Small Business Loans – A Banker's Perspective on What Makes You Creditworthy/feed//feed//feed//feed//feed/

If you want help for your small business from your banker, you have to learn to think like your banker. And there's a good chance that your banker is using principles I have taught, for banks and banking associations across the country, to evaluate your financial health and creditworthiness.

When I teach commercial loan officers how to evaluate a potential borrower's business and financial information, I tell them to look at the data from multiple angles, each angle neatly summed up by a "C" word. My goal is to give bankers some easy to remember categories of questions to ensure that the banker does not overlook critical information. The "C's" provide an organizing structure that helps bankers bring together financial and non-financial information for a complete picture of your business's financial health, and prospects for the future.

Look At Your Own "C's"

It only makes sense, then, to prepare for credit discussions with your banker by looking at your own information from these same angles. If you understand the first questions that pop into the bankers' minds as they review your information, how they put it together to build an assessment of your creditworthiness, you can avoid a lot of ugly surprises. You will have better answers for the questions you will be asked, you will know where you need to explain a result or trend, and you'll be able to present the story of your business in the best possible light.

You may hear of the 4 C's, the 5 C's, and so on, but I encourage bankers to examine the following " Six C's of Commercial Credit " to assess creditworthiness:

  1. Character : What does the banker believe about your intentions, your commitment, your tenders and habits, when it comes to executing your plans and meeting your obligations?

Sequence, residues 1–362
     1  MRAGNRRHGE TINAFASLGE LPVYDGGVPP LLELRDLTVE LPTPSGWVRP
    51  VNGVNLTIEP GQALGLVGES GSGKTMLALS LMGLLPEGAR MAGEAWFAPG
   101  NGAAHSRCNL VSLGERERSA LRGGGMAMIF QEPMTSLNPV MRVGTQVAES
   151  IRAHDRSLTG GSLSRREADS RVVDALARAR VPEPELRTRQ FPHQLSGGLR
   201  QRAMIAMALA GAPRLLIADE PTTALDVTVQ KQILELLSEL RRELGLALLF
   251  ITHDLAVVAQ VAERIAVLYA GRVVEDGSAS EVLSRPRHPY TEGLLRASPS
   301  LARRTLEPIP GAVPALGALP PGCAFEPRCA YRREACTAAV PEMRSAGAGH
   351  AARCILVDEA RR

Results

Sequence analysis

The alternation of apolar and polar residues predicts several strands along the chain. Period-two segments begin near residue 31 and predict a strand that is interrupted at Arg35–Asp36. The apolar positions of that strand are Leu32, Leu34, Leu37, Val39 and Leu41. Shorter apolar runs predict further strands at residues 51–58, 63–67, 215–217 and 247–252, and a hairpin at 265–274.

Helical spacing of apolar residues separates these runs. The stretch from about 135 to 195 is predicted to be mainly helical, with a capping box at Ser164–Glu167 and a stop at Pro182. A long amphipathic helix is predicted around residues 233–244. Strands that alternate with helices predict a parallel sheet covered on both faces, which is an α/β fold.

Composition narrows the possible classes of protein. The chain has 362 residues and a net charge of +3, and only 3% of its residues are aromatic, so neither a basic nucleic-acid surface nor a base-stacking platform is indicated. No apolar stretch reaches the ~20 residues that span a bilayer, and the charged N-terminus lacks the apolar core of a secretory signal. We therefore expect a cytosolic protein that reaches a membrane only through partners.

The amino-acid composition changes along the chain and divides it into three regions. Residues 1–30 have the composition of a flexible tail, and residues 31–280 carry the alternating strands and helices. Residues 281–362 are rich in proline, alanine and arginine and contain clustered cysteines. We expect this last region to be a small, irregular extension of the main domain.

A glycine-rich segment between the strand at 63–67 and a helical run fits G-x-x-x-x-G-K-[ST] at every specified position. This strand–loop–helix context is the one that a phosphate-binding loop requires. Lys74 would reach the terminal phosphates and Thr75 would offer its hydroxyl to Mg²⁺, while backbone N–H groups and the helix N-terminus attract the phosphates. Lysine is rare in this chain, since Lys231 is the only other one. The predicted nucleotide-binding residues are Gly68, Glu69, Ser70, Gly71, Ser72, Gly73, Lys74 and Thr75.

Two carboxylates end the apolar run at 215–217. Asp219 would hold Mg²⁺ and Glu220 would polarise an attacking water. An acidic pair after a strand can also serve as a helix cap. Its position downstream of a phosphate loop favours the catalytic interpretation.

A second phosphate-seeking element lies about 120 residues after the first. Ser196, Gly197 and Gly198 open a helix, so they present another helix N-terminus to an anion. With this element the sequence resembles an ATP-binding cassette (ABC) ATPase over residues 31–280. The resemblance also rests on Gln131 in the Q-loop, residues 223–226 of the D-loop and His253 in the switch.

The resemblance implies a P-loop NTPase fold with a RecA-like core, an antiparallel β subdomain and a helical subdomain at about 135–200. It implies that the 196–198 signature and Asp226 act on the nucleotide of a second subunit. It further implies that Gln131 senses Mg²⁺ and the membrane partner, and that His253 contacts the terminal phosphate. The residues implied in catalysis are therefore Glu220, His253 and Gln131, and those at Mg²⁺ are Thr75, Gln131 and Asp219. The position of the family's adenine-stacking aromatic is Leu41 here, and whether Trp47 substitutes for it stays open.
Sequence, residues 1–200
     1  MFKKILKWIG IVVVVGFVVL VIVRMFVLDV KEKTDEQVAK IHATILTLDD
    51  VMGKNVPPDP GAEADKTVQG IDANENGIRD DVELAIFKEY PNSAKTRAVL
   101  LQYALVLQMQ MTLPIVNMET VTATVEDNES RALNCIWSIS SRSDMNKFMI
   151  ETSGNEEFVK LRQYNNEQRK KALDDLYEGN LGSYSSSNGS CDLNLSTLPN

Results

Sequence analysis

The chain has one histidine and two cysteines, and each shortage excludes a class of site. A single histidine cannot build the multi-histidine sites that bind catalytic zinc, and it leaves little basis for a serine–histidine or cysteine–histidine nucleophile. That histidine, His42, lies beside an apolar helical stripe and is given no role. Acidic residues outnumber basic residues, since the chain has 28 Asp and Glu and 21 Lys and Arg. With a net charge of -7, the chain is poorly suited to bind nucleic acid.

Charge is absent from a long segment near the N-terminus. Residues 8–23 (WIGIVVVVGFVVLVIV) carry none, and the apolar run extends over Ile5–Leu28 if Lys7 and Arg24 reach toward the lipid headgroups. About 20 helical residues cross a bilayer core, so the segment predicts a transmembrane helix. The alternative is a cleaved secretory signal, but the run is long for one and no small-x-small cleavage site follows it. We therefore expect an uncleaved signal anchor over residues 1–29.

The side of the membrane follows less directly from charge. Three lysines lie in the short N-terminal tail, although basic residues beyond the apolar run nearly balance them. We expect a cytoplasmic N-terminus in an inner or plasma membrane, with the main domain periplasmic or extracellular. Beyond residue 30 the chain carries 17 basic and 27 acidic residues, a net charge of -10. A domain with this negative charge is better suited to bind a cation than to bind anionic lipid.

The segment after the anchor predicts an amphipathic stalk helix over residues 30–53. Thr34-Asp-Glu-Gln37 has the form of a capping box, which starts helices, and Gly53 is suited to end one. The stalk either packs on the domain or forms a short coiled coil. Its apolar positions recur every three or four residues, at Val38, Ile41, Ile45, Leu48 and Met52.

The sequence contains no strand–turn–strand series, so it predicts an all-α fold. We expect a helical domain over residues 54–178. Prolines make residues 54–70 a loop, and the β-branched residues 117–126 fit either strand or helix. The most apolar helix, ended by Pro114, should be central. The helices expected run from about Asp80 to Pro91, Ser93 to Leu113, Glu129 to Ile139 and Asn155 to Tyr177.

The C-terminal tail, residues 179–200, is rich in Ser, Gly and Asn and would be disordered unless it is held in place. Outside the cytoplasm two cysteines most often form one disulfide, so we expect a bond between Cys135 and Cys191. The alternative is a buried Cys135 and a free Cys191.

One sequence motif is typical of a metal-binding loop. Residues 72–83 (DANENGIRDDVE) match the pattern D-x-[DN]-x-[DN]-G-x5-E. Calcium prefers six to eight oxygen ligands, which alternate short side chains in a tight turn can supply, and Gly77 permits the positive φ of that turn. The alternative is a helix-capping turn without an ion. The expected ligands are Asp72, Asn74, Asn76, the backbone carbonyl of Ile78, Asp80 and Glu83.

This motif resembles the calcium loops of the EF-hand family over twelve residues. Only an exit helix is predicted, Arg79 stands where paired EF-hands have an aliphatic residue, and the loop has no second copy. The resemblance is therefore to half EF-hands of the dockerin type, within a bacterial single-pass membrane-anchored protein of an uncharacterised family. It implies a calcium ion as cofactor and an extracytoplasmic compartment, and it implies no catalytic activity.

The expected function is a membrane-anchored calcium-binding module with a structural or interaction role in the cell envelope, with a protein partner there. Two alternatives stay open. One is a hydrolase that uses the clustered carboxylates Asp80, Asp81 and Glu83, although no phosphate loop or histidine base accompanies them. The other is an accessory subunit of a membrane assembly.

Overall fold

2. Capacity : Does the banker see a company with the resources to respond to changing conditions or disruptions?
  3. Conditions : What are the external conditions that will have an impact on the company's health and success? And is your management aware of those conditions, and actively preparing responses?
  4. Capital : What financial resources do you have to handle a downturn? How will you weather an economic storm?
  5. Collateral : What alternative sources of repayment would be available, if you were unable to repay the loan as agreed? Do these other reimbursement resources really present sufficient value to make the bank whole?
  6. Cash Flow *: Is the company generating enough cash to support its operations internationally? What steps are being taken to explicitly generate cash flow?

* ("Cash flow" could be considered part of "Capacity," but I believe it is so important to the credit decision that it describes special attention as its own topic.)

Business owners who have thoroughly considered each of these elements of creditworthiness, and who are prepared to talk confidently about them , are going to get farther, faster, with their creditors than borrowers who "wing it" on these important issues. Take the time to critically, objectively evaluate your own business across these six C's before you engage your banker in that financing discussion. The more you can think like your banker, the more you will stand out from your competition for the credit available, and the easier you will make it for your banker to say, "Yes!"

Source by Jeff Judy

Posted in: Bankruptcy, Credit Repair, Credit Score

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